These devices use desiccant (like those little packets you find in a box of new shoes) to absorb moisture in the AC system. Moisture can build up in a system that is leaking and low on refrigerant. Moisture reacts with refrigerant oil to form damaging corrosive acids. Worse, once desiccant becomes oversaturated it can seep into the AC system, damaging or clogging every AC component. That results in no cooling and the need for extensive repairs.

Expansion Valve/Orifice Tube

Modern AC systems use an expansion valve or orifice tube to control the amount of refrigerant entering the evaporator. Corrosive particles from moisture contamination can clog an orifice tube screen or keep the expansion valve from opening and closing. Out-of-spec AC system pressures can help determine if an expansion valve or orifice tube is causing AC problems.

AC Evaporator

If you can hear the blower fan running but there is barely any air coming from the vents, the evaporator fins are probably clogged with leaves or debris. If you notice a strange odor when using the AC, it usually indicates the evaporator is leaking refrigerant. Because the evaporator is usually tucked up under the instrument panel, your mechanic will have to figure out if the evaporator is the culprit.

Electrical Issues

On modern cars, there are any number of fuses, pressure/temperature sensors or switches that can keep the AC from turning on. A defective blower fan, engine cooling fans and relays can affect AC system operation and cooling performance.

You can test the fuses using an inexpensive 12V test light or digital voltmeter (preferred) and check that all electrical connections are clean, tight and secure. Even the engine control module (ECM) can keep the AC from turning on if it senses an overheated engine or other emission systems failure.

Clogged Cabin Filter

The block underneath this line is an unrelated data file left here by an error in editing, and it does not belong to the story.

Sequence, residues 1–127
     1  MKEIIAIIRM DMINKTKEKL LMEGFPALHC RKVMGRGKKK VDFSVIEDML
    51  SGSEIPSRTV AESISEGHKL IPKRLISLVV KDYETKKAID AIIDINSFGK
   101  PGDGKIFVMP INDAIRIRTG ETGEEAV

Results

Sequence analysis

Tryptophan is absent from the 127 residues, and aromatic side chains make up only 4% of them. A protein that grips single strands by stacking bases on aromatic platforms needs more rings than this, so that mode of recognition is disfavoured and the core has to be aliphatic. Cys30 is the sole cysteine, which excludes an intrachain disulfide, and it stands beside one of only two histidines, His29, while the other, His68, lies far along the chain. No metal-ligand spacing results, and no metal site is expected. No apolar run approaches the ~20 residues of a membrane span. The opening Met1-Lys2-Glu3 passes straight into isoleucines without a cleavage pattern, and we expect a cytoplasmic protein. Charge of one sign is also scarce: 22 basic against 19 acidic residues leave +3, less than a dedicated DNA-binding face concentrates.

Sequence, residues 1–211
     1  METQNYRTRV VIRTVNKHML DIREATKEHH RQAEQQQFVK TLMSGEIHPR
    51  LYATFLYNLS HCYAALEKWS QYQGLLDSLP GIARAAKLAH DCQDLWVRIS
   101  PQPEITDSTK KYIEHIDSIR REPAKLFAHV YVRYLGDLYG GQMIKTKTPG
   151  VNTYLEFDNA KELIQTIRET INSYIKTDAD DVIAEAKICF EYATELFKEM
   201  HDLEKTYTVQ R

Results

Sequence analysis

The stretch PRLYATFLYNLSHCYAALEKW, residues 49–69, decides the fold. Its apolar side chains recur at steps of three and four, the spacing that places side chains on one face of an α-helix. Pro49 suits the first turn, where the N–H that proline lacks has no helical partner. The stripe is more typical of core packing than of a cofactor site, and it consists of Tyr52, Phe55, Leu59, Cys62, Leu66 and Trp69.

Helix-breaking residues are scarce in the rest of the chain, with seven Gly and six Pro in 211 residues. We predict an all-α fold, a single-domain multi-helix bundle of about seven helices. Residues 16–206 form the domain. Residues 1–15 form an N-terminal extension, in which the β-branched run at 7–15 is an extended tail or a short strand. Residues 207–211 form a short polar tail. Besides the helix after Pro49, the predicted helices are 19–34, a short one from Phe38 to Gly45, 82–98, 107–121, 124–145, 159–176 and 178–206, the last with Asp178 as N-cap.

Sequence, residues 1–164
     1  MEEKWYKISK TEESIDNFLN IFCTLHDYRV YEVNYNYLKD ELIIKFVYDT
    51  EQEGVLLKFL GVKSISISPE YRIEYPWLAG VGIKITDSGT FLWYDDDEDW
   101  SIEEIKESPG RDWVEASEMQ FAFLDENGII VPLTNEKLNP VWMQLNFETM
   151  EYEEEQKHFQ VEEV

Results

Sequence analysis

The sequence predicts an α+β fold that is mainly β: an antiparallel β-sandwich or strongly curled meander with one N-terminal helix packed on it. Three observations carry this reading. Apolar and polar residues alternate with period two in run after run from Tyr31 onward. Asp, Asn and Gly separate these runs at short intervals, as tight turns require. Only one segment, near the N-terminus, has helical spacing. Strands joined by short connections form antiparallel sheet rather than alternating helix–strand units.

This one is often overlooked when diagnosing an AC system problem. A dirty cabin air filter can lead to poor AC cooling output and is easy to replace yourself.

Prevention and Cures

Running the AC 10 minutes a week, even in the winter, helps circulate refrigerant oil and lubricate the compressor and condition O-rings and seals. Take your vehicle to a certified technician if the DIY suggestions given here didn’t do the trick, or if the system won’t turn on at all. They have the specialty tools and equipment to accurately diagnose the problem, safely reclaim and recycle refrigerant and make repairs to keep you cool while driving.

Up next, vehicle repairs and maintenance tasks don’t always have to be done in the shop. You can easily do these 105 super-simple car repairs in your own garage.

All prices and links were current as of publication.

Robert Lacivita
Bob Lacivita is an award-winning auto technician and career and technical educator and freelance writer who has written about DYI car repairs and vehicle maintenance topics, as well as writing state, federal and organizational foundation grants, and helped design a unique curriculum delivery model that integrates rigorous, relevant academic standards seamlessly into technical/vocational training, for more than 20 years. His work has been featured in Family Handyman, a Reader's Digest book and Classic Bike Rider magazine, among others. Bob and his wife lived through 20 years' worth of DIY home remodeling while parenting two (now grown) boys and now relax by watching their three fabulous granddaughters.